27th October, 2014
Anxiety continued to mount on Monday ahead of the release of over 200 Chibok schoolgirls abducted on 14 April this year by Boko Haram insurgents in Borno State, northeast Nigeria.
At press time on Monday, the girls were yet to regain their freedom after being in Boko Haram captivity for 196 days.
Danladi Ahmadu, a man who claimed to be the General-Secretary of the terrorist group, had on Friday assured on Hausa Service of the Voice of America (VOA) that the girls would be released to the Chadian President, Idriss Deby, today.
Following the purported ceasefire last week by the deadly Islamist sect waging war against Nigeria in Borno, Adamawa and Yobe states, expectations were high last week that the Chibok girls would be released and cessation of hostilities by the insurgents would follow.
But this was not to be as the insurgents have continued to unleash deadly attacks in some parts of the country and even abducting more victims. At the weekend, 30 adloescents, including boys and girls, were taken hostage by the insurgents who also killed at least seventeen people in a village in Borno.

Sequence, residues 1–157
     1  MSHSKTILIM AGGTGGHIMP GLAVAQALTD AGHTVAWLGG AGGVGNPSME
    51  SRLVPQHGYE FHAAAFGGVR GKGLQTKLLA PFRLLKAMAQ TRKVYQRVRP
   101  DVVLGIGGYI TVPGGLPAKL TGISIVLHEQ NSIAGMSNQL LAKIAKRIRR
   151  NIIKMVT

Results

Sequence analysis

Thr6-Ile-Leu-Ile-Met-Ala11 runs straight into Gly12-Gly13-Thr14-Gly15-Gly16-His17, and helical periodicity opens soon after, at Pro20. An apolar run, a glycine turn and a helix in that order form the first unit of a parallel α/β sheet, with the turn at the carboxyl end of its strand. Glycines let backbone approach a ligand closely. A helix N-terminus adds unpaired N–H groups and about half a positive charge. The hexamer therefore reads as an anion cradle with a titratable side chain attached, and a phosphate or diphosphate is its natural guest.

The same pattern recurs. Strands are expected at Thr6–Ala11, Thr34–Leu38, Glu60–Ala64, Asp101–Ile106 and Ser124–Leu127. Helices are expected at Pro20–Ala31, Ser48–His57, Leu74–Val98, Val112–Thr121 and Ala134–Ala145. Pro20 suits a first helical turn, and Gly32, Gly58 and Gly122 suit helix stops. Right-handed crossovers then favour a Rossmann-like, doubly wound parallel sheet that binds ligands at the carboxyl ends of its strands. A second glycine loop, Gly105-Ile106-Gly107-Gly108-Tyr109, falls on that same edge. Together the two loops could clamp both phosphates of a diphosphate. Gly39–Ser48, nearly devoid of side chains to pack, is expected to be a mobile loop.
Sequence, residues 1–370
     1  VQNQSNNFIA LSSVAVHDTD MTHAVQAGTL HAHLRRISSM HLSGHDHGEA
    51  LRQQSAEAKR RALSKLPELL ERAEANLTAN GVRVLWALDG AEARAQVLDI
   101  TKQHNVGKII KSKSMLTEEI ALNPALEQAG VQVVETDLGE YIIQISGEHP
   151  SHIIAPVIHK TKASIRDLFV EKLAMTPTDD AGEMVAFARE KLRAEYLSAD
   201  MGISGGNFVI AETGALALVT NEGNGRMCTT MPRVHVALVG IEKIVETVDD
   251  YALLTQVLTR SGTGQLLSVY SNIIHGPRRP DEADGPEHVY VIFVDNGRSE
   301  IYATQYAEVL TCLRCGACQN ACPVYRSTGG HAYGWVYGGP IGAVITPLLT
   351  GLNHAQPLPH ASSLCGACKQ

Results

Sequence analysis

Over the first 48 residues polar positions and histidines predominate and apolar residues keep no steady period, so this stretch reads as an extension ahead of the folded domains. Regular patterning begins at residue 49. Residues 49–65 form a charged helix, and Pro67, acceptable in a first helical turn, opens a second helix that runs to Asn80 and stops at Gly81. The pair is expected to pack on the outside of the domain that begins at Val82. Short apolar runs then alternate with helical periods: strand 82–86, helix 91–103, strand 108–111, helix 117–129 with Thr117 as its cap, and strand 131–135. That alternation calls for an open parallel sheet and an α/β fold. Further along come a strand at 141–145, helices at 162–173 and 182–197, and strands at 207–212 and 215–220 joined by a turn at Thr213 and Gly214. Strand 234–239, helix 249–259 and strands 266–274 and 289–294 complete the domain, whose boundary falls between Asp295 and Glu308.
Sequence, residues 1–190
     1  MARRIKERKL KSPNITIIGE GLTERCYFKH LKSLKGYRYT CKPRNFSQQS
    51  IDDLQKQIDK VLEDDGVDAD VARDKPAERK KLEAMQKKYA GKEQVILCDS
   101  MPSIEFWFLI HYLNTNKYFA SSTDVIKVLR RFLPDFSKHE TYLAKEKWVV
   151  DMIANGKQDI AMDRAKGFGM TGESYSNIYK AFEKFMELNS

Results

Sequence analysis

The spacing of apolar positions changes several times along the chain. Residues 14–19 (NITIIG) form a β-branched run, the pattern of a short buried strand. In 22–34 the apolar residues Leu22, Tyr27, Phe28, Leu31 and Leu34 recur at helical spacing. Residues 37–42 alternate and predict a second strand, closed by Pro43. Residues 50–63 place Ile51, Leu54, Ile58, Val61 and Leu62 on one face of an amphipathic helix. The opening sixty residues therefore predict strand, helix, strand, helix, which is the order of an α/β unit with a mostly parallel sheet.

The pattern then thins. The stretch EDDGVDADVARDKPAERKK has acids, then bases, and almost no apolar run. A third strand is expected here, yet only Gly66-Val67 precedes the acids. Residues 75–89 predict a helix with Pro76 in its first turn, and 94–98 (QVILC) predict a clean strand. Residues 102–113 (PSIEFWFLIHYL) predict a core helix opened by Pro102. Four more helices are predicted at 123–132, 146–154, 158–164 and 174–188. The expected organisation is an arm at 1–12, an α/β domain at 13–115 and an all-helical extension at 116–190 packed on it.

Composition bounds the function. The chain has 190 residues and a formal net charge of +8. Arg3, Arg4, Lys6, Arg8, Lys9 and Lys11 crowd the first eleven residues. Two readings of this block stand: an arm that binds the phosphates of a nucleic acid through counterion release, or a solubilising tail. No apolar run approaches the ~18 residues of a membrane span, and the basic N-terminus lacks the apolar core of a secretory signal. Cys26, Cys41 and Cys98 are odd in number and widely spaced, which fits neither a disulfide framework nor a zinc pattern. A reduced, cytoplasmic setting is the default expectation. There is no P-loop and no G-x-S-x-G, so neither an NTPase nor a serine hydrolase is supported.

However, Nigerians anxiously awaited the release of the girls on Monday following assurances that a truce would be finally brokered today in Chad between the Federal Government and representatives of the sect.
The earlier ceasefire talks which were held in Saudi Arabia, with Cameroon and Chad participating, had been described as a ruse as the so-called representative of Boko Haram, Danladi Ahmadu, was said to be an impostor.
Meanwhile, former Education Minister and one of the leaders of the #BringBackOurGirls campaign, Mrs. Oby Ezekwesili, says the hope of Nigerians that has been raised will be dashed if the girls are not freed today.
“It will be difficult to imagine the kind of grief that will be generated and it will be a kind of grief that those it is directed to, will not want to experience,” she told the Daily Post.
Mrs. Ezekwesili, who spoke on Sunday at the daily sit-out of the group, said protest would continue even after the girls have been freed.
“God forbid, if tomorrow (today) comes and our girls are not back. We are not going to simply fold our mats and go, whether we have a positive or negative outcome.
“If tomorrow comes and tomorrow comes positively, it will birth a successive initiative with the focus on the girl-child in Nigeria.
“The Chibok girls are a symbol of what we must continue to advocate for, in the aspect of the girl-child in Nigeria, ” she said.